Taliban commander killed after US chopper crash

KABUL — A Taliban commander who was the target of an operation last month in which 30 US troops died in a helicopter crash has been killed in an air strike, the NATO-led force in Afghanistan said on Thursday.

By (AFP)

Published: Thu 22 Sep 2011, 4:41 PM

Last updated: Tue 7 Apr 2015, 1:54 AM

Qari Tahir was killed in an air strike Tuesday in Wardak province, central Afghanistan, six weeks after the helicopter crash caused the biggest single loss of life for foreign forces in ten years of war.

Washington has said it had killed those behind the helicopter’s downing, but a senior Afghan government official told AFP that it was Tahir who had lured US forces to the scene by tipping them off about a Taliban meeting.

“Tahir... was the target of a previous combined operation on Aug. 5, 2011, that resulted in the loss of the CH-47 Chinook last month,” the NATO-led International Security Assistance Force (ISAF) said in a statement.

“He led a group of insurgent fighters throughout the valley and was known to use roadside bombs and rockets to intimidate the local populace.”

The US helicopter was shot down killing 38 people including 30 US troops, 25 of whom were special forces.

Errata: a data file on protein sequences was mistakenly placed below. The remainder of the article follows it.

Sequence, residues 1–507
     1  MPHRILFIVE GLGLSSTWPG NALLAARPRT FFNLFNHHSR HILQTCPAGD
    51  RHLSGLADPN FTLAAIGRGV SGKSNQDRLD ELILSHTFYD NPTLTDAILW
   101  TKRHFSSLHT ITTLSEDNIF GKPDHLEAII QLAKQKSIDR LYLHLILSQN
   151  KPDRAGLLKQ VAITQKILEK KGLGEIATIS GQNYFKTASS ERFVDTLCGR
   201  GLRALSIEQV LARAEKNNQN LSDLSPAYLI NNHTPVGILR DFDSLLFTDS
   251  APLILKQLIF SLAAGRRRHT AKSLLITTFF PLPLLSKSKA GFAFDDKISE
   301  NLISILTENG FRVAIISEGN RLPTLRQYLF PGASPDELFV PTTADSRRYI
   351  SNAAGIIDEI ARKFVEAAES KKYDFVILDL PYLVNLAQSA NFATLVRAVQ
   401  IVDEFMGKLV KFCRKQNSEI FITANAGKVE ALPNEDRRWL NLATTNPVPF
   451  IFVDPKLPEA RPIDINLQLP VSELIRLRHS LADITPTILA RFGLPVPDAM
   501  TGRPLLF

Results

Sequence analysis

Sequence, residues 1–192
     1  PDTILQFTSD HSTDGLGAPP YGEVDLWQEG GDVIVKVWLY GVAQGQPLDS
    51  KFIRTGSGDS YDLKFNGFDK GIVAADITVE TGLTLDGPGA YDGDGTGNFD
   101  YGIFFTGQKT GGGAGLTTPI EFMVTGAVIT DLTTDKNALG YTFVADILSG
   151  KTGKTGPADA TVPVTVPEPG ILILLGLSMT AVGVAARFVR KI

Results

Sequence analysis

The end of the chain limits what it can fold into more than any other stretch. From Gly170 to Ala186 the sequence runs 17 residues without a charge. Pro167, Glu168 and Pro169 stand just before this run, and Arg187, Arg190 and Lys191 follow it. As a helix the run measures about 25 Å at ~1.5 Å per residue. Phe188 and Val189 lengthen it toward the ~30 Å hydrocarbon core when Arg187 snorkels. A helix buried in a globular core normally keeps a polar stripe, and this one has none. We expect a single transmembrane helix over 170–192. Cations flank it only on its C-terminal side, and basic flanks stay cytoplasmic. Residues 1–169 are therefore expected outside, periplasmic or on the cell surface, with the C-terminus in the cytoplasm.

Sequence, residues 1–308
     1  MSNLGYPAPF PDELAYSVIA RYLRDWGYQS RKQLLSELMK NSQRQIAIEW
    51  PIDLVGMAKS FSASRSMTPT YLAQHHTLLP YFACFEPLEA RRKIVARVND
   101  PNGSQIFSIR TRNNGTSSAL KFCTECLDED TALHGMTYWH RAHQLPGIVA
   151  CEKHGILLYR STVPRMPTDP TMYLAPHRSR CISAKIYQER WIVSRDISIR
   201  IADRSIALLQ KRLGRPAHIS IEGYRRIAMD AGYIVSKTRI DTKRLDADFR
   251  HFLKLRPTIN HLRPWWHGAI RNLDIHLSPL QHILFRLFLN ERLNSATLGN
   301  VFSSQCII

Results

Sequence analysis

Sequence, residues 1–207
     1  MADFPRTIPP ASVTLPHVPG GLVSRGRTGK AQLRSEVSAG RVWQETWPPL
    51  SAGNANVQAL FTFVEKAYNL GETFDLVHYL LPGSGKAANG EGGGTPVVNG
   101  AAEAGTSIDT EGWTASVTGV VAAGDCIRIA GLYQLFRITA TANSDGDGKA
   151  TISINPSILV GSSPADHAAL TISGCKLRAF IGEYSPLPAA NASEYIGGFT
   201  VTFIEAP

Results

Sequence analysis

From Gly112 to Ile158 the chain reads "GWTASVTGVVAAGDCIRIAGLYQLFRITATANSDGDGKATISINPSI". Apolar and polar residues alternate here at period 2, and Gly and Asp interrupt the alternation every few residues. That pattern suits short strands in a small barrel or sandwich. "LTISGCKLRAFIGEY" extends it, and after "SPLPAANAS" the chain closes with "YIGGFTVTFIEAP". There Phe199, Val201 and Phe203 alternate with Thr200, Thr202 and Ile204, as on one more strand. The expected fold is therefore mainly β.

Many of the victims belonged to the US Navy’s “Team Six”, the special forces unit that killed Osama bin Laden in a raid on his Pakistani hideout in May. Sources said they were not part of the team that killed the 9/11 mastermind.

Days after the crash, General John Allen, the US commander of foreign troops in Afghanistan, said that those who shot the Chinook down had been hunted down and killed in a bombing raid by an F-16 fighter jet.

This claim was denied by the Taliban and a senior Afghan government official told AFP that it was Tahir who was responsible for luring US forces to the scene.

Speaking anonymously, he said Tahir had set a trap for the aircraft to be shot down.

US Defense Secretary Leon Panetta responded to the crash, which raised doubts over the international mission in Afghanistan, by vowing to “stay the course”.

The fatal operation had been targeting the leadership of an “enemy network” within the remote and hostile Tangi Valley, southwest of the capital Kabul, Allen said.

The Afghan police and army have struggled to counter the Taliban in the Tangi valley, according to officials and local people, with insurgents controlling the area.

There are around 140,000 foreign troops in Afghanistan, about 100,000 of them from the US, fighting a Taliban-led insurgency.

All foreign combat forces are due to leave in staged withdrawals leading up to a deadline at the end of 2014, at which point Afghan security forces will assume responsibility for their country.

A string of recent spectacular attacks in the Afghan capital Kabul in recent months has highlighted the strength of the insurgency.

They include Tuesday’s assassination of Burhanuddin Rabbani, a former president tasked with leading Afghan government efforts to talk peace with the Taliban, who was killed by a man with explosives hidden in his turban.

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